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Indicators of Immigrant Integration 2015

Settling In

image of Indicators of Immigrant Integration 2015

This joint publication by the OECD and the European Commission presents the first broad international comparison across all EU and OECD countries of the outcomes for immigrants and their children, through 27 indicators organised around five areas: Employment, education and skills, social inclusion, civic engagement and social cohesion (Chapters 5 to 12). Three chapters present detailed contextual information (demographic and immigrant-specific) for immigrants and immigrant households (Chapters 2 to 4). Two special chapters are dedicated to specific groups. The first group is that of young people with an immigrant background, whose outcomes are often seen as the benchmark for the success or failure of integration. The second group are third-country nationals in the European Union, who are the target of EU integration policy.

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Immigrants' health status and their health care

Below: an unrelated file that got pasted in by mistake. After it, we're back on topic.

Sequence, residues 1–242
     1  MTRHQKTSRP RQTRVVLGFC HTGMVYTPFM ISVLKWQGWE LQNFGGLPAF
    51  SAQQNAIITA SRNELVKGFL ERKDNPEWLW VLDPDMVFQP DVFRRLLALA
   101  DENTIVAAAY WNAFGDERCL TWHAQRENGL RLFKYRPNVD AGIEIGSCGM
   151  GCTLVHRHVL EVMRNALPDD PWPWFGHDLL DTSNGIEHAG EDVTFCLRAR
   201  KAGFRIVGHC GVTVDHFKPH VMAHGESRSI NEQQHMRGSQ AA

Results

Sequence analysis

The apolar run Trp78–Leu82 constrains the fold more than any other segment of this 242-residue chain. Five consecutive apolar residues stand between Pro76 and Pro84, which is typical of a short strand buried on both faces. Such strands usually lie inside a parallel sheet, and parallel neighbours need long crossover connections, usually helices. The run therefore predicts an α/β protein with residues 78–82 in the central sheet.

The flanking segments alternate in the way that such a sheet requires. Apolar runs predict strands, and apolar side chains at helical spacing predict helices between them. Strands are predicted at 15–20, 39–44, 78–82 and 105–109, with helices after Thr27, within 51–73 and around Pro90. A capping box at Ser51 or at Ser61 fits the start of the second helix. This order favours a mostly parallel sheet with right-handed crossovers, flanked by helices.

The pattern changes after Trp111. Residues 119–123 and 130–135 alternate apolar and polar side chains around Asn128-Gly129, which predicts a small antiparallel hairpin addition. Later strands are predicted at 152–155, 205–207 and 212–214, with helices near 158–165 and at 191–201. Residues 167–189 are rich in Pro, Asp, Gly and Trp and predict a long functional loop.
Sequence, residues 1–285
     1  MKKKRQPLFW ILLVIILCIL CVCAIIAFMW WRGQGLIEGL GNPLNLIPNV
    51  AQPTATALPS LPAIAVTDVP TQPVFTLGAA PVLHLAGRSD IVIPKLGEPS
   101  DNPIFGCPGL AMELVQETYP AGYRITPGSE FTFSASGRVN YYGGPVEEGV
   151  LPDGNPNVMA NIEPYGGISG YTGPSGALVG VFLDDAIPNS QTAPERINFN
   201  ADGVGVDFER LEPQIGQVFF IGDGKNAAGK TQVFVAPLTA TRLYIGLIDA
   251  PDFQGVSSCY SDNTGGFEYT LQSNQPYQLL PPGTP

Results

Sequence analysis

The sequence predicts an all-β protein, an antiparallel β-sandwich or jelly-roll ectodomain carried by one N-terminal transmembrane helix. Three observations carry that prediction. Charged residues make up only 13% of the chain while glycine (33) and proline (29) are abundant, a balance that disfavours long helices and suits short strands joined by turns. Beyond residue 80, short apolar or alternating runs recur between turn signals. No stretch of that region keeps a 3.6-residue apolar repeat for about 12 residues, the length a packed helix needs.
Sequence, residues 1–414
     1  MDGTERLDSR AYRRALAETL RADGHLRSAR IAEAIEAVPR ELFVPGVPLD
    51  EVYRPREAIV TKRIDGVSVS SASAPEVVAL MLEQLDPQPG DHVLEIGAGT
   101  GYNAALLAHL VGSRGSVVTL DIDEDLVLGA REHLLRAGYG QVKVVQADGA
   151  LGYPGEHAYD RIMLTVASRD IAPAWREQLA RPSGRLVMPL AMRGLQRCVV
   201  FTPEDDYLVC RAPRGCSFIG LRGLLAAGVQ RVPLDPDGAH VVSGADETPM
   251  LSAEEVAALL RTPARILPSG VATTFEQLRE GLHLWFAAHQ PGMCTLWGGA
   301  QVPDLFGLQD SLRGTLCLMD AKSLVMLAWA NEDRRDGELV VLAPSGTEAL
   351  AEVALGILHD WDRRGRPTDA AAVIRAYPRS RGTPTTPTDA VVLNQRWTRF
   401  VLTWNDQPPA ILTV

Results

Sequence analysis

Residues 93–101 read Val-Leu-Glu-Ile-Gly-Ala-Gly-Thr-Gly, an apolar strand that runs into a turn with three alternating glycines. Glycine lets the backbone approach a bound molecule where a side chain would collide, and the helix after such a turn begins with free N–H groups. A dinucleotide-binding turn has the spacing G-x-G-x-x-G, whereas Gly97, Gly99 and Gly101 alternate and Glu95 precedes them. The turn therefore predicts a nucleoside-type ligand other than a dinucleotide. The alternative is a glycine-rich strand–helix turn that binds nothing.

Health is integral to wellbeing and affects the degree and manner of engagement with society as a whole. Healthier immigrants are able to work and earn more and can build broader social networks. Fuller integration in turn improves health outcomes, as immigrants increasingly have the ability to seek health care when needed.Socio-demographic characteristics such as gender and age, participation in risky behaviour (e.g. drinking alcohol or smoking), and living and working conditions are among the most important determinants of health. As immigrants generally have to be in good health to be able to migrate, they tend to be healthier than non-migrants – the so-called healthy migrant effect, which fades with the length of residence, however.The quality of life in the country of origin, the migration process itself, and working and living conditions in the host country also affect health outcomes. Some migrant groups, such as refugees, are particularly vulnerable and may be more prone to certain diseases or mental disorders. The migratory experience itself can cause stress, which may affect migrants’ health outcomes in different ways down the line, depending on socio-economic and health conditions in the home country and how well they settle in the host country. Nutritional habits in the country of origin may also affect health outcomes in the medium-to-long term. Age, educational attainment, and income, too, are important determinants of health.This chapter analyses self-reported health () and the lack of medical treatment () both among immigrants and the native-born. Data-related issues are discussed in Data limitations at the end of this chapter.

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